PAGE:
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Bashing Google: for fun or for profit?


By: Scott Bradner


I do not know Scott Cleland but I've seen his blog postings from time to time.  I admit that I rarely read them, mostly because their titles tend to put me off, but I did read through his latest.  (  In this case I read it because of the title, which seemed, to say the least, improbable.  I can't say that I was all that impressed.  Among other failures, the other Scott seems to think that I do not want the Internet when I buy an Internet connection. 


Mr. Cleland 's web site ( is well titled: "the Precursor's Blog: Forward Thinking at the Nexus of Policy, Markets and Change."  But Mr. Cleland, at least on this site, seems to be a one and a half trick pony.  Most of his postings concern Google or network neutrality, both of which he is quite vehemently against.   I read through the posting titles in his archive and, if the titles are anything to go by, two thirds of the 250 or so postings in the archive (which goes back to March) concern Google and about a sixth concern network neutrality. 


It took me a while, but I did find some information linked off the web site that may hint as to why Mr. Cleland focuses on the topics he does.    If you click on the Disclaimer and Privacy Policy link hidden at the bottom of the page you are taken to the privacy statement for  Clicking on the About Us link on that page brings you to a page that says that their mission is to "create a forum to promote competitive Internet choices for consumers through an open, rigorous, and illuminating discussion and debate of 'net neutrality' legislation/regulation."   The page also has a list of the members of, which include all the major telephone and cable companies.  Scott Cleland is the chairman of the organization.  It looks like bashing Google is an occupation rather than an avocation for Mr. Cleland.


Regular readers of this column know that I have some real problems with some of what Google does -- mostly concerning their insistence that they know better that I do what is good for me and my privacy.  But I doubt that any of my readers think that I'm paid based on how much I criticize any of the targets of my columns.


The Cleland column that caught my eye is entitled "Google uses 21 times more bandwidth than it pays for -- per first-ever research study."  Google stealing the Internet capacity certainly would be a naughty thing to do but the referenced research study ( has some basic problems which makes the conclusion rather tenuous.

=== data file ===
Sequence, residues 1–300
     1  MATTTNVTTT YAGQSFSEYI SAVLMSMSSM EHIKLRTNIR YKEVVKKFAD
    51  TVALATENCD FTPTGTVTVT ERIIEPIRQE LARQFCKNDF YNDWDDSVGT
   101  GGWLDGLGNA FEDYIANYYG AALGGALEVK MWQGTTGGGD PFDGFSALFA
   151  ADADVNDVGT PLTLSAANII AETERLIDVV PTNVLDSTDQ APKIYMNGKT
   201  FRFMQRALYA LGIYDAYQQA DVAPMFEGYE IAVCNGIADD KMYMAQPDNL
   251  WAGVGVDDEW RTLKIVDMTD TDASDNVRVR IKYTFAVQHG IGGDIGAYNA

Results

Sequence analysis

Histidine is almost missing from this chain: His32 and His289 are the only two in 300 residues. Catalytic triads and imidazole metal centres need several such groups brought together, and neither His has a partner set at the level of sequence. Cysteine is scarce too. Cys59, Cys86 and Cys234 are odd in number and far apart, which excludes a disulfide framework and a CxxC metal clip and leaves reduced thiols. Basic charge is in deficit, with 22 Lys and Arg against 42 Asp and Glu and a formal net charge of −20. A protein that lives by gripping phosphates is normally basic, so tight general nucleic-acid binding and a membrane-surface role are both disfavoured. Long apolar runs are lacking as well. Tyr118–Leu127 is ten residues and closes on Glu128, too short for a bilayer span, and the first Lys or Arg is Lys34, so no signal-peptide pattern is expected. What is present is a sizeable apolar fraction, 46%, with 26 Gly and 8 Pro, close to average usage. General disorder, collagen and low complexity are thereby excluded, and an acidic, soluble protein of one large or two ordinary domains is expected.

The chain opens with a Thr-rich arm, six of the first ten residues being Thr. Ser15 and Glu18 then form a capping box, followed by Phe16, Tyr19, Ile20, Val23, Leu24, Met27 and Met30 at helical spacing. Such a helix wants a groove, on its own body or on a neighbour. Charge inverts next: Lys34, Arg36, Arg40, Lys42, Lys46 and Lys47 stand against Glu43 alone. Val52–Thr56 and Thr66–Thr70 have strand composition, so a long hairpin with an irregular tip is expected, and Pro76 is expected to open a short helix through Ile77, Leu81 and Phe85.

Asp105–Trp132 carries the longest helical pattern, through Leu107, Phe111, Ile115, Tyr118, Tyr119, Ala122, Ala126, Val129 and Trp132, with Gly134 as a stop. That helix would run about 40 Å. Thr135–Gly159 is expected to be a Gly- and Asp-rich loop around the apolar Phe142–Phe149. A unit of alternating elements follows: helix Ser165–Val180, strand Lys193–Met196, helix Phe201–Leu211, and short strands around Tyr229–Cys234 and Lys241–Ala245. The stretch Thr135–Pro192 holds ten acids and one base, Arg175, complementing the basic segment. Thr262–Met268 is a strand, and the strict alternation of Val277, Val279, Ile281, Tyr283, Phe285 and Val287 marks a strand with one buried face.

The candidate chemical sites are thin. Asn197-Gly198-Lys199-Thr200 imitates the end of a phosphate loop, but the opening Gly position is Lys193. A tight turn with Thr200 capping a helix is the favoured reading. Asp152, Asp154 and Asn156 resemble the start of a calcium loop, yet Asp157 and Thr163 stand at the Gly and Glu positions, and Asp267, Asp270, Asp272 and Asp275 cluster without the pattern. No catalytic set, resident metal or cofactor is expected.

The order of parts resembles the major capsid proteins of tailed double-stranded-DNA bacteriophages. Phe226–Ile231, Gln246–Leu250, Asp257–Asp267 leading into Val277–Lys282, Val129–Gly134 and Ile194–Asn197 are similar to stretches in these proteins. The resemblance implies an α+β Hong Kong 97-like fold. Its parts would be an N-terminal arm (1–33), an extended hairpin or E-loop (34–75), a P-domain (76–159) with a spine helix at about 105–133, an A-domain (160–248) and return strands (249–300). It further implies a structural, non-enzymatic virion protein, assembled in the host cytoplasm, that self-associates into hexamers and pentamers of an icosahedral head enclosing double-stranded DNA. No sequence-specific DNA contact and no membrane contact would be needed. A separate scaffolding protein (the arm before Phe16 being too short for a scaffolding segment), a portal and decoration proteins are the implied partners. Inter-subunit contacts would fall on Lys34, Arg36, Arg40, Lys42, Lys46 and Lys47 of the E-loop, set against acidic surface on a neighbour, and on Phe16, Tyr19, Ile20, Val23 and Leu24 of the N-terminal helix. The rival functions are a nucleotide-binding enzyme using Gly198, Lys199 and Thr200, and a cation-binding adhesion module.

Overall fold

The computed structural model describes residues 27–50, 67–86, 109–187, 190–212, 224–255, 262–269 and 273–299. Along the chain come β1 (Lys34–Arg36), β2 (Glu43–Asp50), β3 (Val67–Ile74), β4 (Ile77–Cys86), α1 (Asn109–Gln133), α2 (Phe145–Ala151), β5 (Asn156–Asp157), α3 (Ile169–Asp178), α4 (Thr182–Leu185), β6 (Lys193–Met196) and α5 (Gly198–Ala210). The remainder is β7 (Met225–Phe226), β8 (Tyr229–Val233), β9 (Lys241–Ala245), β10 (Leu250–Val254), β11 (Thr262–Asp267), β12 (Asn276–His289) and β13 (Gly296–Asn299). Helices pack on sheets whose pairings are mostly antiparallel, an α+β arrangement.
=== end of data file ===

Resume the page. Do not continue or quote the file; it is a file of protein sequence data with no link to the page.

The study report, written by Mr. Cleland, tries to figure out how much bandwidth Google uses and how much it pays for that bandwidth.   The report notes that Google does not report how much bandwidth it buys or how much it pays ISPs for service but Cleland guesses at both based on other Google reports and guess on Internet traffic extrapolation from a Cisco report on types of traffic. 


What the report totally misses is that there is another end for the Google bandwidth usage the report talks about.  When Google crawls my web site, the source of transferred data is my web site.  When I do a Google search or watch a You Tube video my computer is the destination of the transferred data.  Apparently Mr. Cleland does not realize that I pay for my Internet connection since he does not factor that into the money being spent on "Google bandwidth." 


I pay for a connection to the Internet and, in doing so, I pay for the ability to connect to and transfer data to and from services such as Google.  So does everyone that buys an Internet connection, including Mr. Cleland.  If one were to honestly account for payments relating to the Google bandwidth one would have to include the percentage of my, and Mr. Cleland's Internet bill that goes to communicating with Google.  It takes two to tango, and, in this case, two pay the piper.


disclaimer:  Harvard has several student dance companies, and I expect that two can tango in at least some of them but they, nor the university, has expressed an opinion on Mr. Cleland's dancing skills so the above is mine.